Boston College, last year's Big East champion, wins because of experience. Troy Bell again leads the Maroon and Gold with 23 points. He also averages 3.6 assists and 3.5 rebounds per game. He is, arguably, the best point guard in the conference. He handles the ball well, makes intelligent plays and keeps his team focused.
The Eagles don't have the quality wins of Miami (and have lost to Miami (Ohio)), but they seem to play better fundamentally and work as one unit. That will be key over the two-month Big East schedule, where teams on off nights will fall. BC has the best assets to avoid that.
2. Miami – The Hurricanes tied a school record, 14 consecutive wins, set in 1947 with a victory over Georgetown.
It was UM's fifth straight win over a ranked foe, and it showed the Big East this will not be a football-only school this season.
They have also proven their ability to win on the road, with victories against Clemson, Texas A&M, Indiana, LSU and Georgetown. The 'Canes are a league-best 19-7 in BIG EAST road games since 1998. John Salmons' 13.1 points, 6.4 rebounds and 5.5 assists per game make him the consummate all-around player. He's the catalyst, with James Jones and Darius Rice also averaging more than 13 points. All five UM starters are in double-figures, proving a balance is key to winning.
The Hurricanes, in outscoring foes by 14 points per game, can hit from inside and outside. They have power, a shooting stroke and the physical assets needed to win.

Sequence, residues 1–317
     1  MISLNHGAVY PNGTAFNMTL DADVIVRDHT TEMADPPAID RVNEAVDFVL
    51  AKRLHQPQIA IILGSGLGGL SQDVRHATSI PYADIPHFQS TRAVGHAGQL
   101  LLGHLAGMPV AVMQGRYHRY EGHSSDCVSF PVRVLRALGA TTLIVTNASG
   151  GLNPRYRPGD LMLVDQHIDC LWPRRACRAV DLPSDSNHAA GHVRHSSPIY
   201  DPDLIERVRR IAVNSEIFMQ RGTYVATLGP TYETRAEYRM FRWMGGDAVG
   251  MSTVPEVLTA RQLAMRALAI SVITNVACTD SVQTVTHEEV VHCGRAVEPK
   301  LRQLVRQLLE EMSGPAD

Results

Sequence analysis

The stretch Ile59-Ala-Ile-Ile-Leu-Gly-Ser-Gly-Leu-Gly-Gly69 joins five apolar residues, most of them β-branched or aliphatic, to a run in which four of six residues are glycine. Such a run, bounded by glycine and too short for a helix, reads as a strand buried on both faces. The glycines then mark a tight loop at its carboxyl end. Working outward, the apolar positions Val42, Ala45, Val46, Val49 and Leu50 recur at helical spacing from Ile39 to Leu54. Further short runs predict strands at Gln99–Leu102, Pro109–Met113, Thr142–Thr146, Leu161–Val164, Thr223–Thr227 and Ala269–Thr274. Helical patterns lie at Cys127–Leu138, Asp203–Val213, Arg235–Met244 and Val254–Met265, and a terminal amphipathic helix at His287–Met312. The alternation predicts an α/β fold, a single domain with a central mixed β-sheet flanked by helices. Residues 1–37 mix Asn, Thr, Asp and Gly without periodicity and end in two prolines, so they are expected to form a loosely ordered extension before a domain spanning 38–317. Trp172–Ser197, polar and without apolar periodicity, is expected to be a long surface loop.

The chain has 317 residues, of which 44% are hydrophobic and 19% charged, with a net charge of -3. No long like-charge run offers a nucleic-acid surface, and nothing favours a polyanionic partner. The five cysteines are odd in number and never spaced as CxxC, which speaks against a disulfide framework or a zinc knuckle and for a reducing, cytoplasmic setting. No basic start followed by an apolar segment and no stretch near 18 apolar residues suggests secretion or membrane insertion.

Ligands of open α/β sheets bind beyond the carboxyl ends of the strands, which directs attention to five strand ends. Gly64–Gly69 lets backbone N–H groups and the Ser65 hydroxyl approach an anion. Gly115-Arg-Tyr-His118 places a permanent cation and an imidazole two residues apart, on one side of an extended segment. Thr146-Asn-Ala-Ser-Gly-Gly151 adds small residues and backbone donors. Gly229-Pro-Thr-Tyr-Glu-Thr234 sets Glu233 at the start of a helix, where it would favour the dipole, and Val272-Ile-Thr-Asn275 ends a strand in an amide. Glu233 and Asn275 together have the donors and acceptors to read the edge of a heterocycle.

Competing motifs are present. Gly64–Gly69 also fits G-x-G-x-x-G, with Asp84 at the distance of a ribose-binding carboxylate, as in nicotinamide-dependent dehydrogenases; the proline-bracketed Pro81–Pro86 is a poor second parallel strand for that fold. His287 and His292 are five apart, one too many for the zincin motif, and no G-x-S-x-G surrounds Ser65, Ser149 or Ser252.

Still, something in their game says they won't be able to maintain the current level of play throughout the season. They will stumble against the Eagles — and maybe against Pittsburgh first. Miami, the only unbeaten school in football and basketball, finishes second to Boston College.
3. Connecticut – The starters give head coach Jim Calhoun a mix of size, talent and veteran leadership. But there is not a main player, no go-to player. That's something Connecticut has always needed to win.
It's difficult to tell how good UConn is. Probably noticeably better than the bottom three, but with little chance to cracking the top two. The loss to Maryland did not reveal anything, but the shellacking against St. Bonaventure coupled with mundane wins have settled an uneasy feeling over Storrs, Conn.
Caron Butler (19.2 points, seven rebounds per game) and Tony Robertson give the Huskies an inside-outside punch.
The team shoots well but hits just four threes per game. In today's college game, that is not enough. They are also minus-one in turnover margin.